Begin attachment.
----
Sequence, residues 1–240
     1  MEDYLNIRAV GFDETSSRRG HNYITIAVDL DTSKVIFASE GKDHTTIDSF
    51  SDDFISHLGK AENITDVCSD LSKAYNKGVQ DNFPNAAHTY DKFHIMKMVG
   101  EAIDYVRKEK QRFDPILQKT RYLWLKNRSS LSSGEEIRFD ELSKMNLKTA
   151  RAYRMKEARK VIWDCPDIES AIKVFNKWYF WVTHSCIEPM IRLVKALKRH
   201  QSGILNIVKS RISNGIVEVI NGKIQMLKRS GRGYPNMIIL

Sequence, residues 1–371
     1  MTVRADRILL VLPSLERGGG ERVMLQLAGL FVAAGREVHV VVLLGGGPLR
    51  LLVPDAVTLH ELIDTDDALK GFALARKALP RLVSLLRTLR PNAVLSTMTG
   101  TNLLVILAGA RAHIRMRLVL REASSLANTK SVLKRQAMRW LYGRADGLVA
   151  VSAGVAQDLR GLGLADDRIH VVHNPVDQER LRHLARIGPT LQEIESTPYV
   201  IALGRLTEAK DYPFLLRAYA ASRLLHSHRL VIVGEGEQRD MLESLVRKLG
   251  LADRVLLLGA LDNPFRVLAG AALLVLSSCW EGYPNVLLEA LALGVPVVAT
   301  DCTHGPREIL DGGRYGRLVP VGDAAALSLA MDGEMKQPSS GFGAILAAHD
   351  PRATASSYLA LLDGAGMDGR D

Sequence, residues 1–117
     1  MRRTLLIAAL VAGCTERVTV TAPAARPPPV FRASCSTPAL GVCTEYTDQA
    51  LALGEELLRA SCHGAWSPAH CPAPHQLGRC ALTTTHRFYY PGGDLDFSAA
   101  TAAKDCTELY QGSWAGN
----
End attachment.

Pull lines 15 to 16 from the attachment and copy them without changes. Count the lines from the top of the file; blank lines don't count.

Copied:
   351  PRATASSYLA LLDGAGMDGR D

Sequence, residues 1–117